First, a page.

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See 5, maybe 7 planets Feb 2020 - Great for Everyone

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#1 aeajr

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Posted 14 February 2020 - 03:06 PM

We have an opportunity to see all 5 bright planets in February (and maybe the two dim ones too)

Where to look - This is based on New York, USA, 40 degrees north.   Naturally you will have to adjust a bit for your location. 

For those new to planetary observing, we find the planets on the ecliptic, that imaginary line that is traced by the Sun as it rises in the east, travels the sky and sets in the west.  In the pictures below it is shown as a red/orange line.  So note each day where the sun rises, where it is a noon and where it sets.  That is the ecliptic line.

Mercury will look like a star, so you need to spot it by it location.  It can ususally be seen naked eye, with binoculars and telescope.

Venus and Jupiter look like large bright stars.  Saturn is bright too, but not as bright as Jupiter.  You can confirm its position by its relation to Jupiter in the diagrams.

Using Stellarium or some similar program you can change the date and time to see the sky specifically for your location.  I have captured the sky at two particular times at 40 degrees North latitude.  You can move forward and back by date and time to see how they will be positioned on any given night.

For planets, I set south to the bottom of the screen which is how it would look if I was facing south.  For this observation I would set the time around 6 am, around sunrise, and move the time forward and back to see where the planets will be so I know where to look with my eyes, my binoculars or my telescope.   If you have a different app on your phone or computer, you should be able to do something similar.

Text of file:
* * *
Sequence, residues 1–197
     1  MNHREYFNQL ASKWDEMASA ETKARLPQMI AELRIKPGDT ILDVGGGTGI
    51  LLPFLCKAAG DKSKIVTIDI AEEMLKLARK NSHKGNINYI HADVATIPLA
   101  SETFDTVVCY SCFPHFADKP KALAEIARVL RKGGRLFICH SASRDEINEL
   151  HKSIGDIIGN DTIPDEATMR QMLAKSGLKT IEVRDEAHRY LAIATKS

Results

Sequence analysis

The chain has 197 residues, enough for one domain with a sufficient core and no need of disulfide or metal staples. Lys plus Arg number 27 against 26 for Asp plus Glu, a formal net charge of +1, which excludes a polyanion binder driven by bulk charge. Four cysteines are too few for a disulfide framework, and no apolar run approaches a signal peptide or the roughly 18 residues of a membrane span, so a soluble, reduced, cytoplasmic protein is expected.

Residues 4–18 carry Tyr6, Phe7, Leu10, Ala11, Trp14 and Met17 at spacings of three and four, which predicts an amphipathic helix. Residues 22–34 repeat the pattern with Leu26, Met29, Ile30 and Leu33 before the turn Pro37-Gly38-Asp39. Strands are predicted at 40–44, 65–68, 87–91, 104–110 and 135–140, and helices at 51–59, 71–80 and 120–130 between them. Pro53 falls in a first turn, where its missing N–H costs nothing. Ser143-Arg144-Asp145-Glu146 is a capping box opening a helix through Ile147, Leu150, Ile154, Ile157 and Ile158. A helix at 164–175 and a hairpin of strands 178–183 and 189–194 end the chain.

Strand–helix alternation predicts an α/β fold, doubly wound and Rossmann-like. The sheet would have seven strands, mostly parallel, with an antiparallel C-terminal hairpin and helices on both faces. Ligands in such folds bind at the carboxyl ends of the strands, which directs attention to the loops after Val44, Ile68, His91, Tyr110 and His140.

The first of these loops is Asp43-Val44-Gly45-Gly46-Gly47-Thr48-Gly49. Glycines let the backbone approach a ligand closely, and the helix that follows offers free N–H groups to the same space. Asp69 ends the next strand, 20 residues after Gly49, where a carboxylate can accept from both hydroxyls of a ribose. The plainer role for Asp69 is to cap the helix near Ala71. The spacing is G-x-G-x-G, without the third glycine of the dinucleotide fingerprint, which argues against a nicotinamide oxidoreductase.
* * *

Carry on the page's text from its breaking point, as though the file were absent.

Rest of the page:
The images below were taken from Stellarium.     www.stellarium.org 

From 40 degrees north, if the sky is clear at 6 pm on February 15th, if you look to the southwest, just as the Sun it setting, you can catch Mercury, about 9 degrees above the horizon with Venus about 30 degrees above the horizon and very bright.   Note that if you are up for a challenge, you can see where Uranus and Neptune will be though these are not visible naked eye and likely not even with binoculars this close to sunset.
 
 
On February 17 at 6 am you will see a bright moon, about 30% illuminated.  We will use that as our reference point.  To the left of the Moon will be Mars, about 12 degrees over, which will appear as a small red/orange disk or star.  You can use the hand spans shown below to help you measure distance
 
From Mars we continue left and down for about 16 degrees to Jupiter, then another 9 degrees to Saturn which will be low on the horizon. Saturn will only be 6 degrees above the horizon so it may be blocked by buildings for some people.

Attached Thumbnails

  • Mercury and Venus on 2-15-20  6 pm.png
  • Saturn Jupiter Mars and Moon on Feb 17 2020 6 am.png

Edited by aeajr, 14 February 2020 - 03:16 PM.

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#2 aeajr

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Posted 14 February 2020 - 03:07 PM

Measuring Distances

If you are using binoculars, the field of view is often marked on the binocular.  For example, 10X50 binoculars typically provide about a 6 degree field of view, 8X40 about 7 degrees and 7X35 about 8 degree FOV.  Check the markings on your binoculars.  

 

If you have a magnifying finder on your telescope you should check the manual to see what the field of view is for that finder.  An 8X50 or 9X50 finder would typically be around 5 degrees FOV.  A 6X30 would have about an 8 degree field of view. You can use this to measure distances.

 

You can also use your hands to estimate distances.

 

 

Attached Thumbnails

  • Hand Span Measurements.png

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#3 ButterFly

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Posted 14 February 2020 - 04:12 PM

Mars will be easy to find in the daytime on the 18th when it emerges from behind the unlit part of the moon.  It is worth setting up a scope to try to catch that.  I would love to hear whether anyone can see it with 10x50 binoculars.